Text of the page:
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Publication numberUS2530285 A
Publication typeGrant
Publication dateNov 14, 1950
Filing dateDec 11, 1947
Priority dateDec 11, 1947
Publication numberUS 2530285 A, US 2530285A, US-A-2530285, US2530285 A, US2530285A
InventorsJohn G Catranis
Original AssigneeJohn G Catranis
Export CitationBiBTeX, EndNote, RefMan
External Links: USPTO, USPTO Assignment, Espacenet
Artificial leg
US 2530285 A
Abstract  available in
Images(1)
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Claims  available in
Description  (OCR text may contain errors)

Nov. 14, 1950 J. G. CATRANIS ARTIFICIAL LEG (DIAPHRAGM KNEE LOCK CONTROL) Filed Dec. 11, 194'? IN V EN TOR.

m I 1/ F7. A M M 6 lllllllllllll l Patented Nov. 14, 1950 UNITED STATES PATENT OFFICE ARTIFICIAL LEG (DIAPHRAGM KNEE LOCK CONTROL) John G. Catranis, Syracuse, N. Y.

Application December 11, 1947, Serial No. 791,129

6 Claims. (01. 3-3) This invention relates to artificial legs for above-the-knee amputees, which artificial leg includes a lower leg hinged to a stum receiving socket by a knee joint, and has for its object a control for the relative hinging action of the socket and the lower leg controlled by a slight axial action of the stump in its socket during the walking cycle creating differential pressures in a chamber in the socket below the stump, which pressures operate a diaphragm operating a knee lock.

It further has for its object a double check valve opening into the lower chamber of the socket below the stump for maintaining a predetermined partial vacuum in the chamber sufficient to hold the socket on the stump without creating an irritating drawing effect on the stump, and also maintaining a predetermined quantity of air in the chamber normally at less than atmospheric pressure and compressible to a predetermined pressure to operate or apply the knee look by relative endwise movement of the stump and the socket.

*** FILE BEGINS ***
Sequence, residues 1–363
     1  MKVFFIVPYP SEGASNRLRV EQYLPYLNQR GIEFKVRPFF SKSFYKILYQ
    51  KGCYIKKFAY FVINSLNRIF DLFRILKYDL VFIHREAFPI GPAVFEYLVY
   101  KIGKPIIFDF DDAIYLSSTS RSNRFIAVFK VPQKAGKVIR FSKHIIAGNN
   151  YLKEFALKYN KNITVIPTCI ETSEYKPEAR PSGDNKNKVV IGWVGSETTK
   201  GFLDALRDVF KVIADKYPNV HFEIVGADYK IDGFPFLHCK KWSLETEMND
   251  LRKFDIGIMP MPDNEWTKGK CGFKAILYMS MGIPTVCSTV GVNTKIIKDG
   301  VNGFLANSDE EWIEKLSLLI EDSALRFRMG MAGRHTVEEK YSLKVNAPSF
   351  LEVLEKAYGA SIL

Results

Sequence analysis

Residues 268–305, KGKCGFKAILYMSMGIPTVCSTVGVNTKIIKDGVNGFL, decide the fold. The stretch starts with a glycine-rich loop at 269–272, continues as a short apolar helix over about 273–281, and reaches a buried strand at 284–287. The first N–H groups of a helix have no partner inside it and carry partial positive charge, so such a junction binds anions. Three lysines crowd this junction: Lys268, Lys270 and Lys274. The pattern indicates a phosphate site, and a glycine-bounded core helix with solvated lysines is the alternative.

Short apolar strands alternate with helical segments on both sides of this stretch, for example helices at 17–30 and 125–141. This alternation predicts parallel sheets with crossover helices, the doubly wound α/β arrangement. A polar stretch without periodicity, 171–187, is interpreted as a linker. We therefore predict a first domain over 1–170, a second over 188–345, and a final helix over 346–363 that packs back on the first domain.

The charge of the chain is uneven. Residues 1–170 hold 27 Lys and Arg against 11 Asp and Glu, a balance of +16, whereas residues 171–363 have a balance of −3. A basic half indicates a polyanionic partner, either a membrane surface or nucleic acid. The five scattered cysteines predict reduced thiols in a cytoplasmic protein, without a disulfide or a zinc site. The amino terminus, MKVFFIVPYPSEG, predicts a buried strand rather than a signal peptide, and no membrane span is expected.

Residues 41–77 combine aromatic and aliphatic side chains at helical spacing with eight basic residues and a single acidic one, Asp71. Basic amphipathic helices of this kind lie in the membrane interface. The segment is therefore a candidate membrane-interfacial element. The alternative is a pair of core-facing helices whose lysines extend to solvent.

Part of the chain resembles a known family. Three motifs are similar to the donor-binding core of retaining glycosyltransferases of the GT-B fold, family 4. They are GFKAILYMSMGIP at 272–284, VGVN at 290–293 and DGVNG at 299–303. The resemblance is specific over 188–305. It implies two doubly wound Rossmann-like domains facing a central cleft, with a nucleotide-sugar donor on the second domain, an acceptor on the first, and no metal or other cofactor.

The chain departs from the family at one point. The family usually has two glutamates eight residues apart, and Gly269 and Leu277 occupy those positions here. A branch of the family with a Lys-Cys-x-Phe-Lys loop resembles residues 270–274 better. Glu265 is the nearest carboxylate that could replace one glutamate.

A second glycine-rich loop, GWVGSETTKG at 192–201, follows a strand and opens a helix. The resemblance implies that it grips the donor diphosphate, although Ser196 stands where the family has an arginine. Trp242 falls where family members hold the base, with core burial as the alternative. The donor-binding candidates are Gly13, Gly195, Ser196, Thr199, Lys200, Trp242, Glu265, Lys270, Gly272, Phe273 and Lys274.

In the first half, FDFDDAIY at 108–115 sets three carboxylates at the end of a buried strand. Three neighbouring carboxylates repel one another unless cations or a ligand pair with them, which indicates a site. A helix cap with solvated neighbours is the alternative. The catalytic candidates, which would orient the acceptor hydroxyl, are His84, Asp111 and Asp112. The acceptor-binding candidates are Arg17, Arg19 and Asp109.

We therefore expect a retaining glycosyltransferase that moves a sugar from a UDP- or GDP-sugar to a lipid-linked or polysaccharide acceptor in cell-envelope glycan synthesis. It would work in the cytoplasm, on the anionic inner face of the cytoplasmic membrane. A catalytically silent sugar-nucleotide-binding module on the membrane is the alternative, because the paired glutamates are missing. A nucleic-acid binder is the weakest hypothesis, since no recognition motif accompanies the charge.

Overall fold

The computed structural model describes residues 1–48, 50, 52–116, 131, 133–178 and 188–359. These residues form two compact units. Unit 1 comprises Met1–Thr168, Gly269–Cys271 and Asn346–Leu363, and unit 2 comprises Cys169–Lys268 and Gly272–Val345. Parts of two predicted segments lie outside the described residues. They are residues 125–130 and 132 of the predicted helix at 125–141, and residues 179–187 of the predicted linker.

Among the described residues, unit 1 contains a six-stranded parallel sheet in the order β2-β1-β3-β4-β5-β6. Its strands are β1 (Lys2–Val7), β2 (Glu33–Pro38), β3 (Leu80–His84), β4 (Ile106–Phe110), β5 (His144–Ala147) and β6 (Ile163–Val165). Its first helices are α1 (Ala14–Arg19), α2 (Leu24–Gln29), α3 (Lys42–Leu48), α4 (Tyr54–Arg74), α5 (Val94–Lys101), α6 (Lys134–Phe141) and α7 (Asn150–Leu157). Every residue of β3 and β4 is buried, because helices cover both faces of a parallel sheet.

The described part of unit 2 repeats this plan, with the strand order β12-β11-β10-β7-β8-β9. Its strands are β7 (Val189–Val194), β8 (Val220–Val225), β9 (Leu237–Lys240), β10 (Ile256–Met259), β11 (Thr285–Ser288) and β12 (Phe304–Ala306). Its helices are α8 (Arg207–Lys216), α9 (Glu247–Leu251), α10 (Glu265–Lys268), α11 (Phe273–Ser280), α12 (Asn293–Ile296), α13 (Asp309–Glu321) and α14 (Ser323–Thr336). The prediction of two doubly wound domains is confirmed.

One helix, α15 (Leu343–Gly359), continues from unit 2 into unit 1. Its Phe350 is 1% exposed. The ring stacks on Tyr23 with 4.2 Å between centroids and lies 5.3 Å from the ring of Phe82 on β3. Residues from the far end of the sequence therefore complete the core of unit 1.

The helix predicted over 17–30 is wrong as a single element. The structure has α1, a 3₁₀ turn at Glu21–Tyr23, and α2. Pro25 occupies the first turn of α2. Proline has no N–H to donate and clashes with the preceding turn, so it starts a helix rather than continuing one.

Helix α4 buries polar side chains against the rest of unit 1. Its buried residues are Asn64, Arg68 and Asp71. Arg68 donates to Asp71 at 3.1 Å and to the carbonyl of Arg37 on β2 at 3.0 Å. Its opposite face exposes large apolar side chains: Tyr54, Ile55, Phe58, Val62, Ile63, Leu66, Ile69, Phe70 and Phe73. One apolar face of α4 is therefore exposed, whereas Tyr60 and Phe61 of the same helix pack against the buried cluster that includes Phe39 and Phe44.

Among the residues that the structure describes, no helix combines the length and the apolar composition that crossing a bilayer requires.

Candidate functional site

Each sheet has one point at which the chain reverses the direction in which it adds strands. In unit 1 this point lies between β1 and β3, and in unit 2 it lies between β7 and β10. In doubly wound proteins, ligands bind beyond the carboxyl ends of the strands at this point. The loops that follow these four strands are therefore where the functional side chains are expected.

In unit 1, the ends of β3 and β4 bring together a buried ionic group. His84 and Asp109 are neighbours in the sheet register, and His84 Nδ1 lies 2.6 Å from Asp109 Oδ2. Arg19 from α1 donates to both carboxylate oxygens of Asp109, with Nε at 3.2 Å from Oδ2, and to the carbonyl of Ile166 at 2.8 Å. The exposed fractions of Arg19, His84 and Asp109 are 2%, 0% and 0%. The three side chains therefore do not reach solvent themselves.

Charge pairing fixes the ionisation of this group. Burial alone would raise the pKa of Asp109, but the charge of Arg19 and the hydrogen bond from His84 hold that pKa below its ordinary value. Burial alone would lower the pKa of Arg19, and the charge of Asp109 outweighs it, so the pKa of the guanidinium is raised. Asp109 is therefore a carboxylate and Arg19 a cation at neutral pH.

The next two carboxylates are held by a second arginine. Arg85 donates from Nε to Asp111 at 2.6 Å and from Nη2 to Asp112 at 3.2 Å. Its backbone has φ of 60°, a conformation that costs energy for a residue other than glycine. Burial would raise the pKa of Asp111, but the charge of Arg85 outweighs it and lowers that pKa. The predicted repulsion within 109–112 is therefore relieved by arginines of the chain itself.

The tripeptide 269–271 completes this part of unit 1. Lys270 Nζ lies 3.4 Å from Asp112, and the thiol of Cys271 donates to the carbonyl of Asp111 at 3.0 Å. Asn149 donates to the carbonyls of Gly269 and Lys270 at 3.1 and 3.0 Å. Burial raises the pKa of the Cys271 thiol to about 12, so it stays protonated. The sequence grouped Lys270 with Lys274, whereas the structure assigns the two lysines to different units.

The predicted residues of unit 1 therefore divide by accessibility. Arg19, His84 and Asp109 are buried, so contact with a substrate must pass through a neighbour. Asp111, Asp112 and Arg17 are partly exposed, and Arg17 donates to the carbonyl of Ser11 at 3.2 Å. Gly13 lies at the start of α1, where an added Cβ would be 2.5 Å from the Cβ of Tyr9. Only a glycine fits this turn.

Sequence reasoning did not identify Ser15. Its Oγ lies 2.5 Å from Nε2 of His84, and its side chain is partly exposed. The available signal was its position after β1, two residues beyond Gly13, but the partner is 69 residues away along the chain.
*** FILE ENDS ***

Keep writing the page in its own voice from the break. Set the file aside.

The invention consists in the novel features and in the combinations and constructions hereinafter set forth and claimed.

In describing this invention, reference is had to the accompanying drawings in which like characters designate corresponding parts in all the views.

Figure l is a fragmentary sectional view of the stump socket and lower leg hinged thereto showing the control for the knee lock.

Figure 2 is an enlarged diametrical sectional view of the valve for maintaining the air pressure in a chamber, within the socket below the stum at a predetermined minimum below normal atmospheric pressure.

The numeral l designates the socket which is of such shape as to snugly fit the stump of the amputee substantially in air tight relation, but permits a small amount of relative endwise or axial action due to the flexibility and resiliency of the muscles of the stump, without slipping at the periphery of the stump. The socket may be formed with an inwardly extending annular seat 2 on which the margin of the lower end face of the stump rests, with the end of the stump itself exposed in a closed chamber 3 in the socket below the lower end of the stump.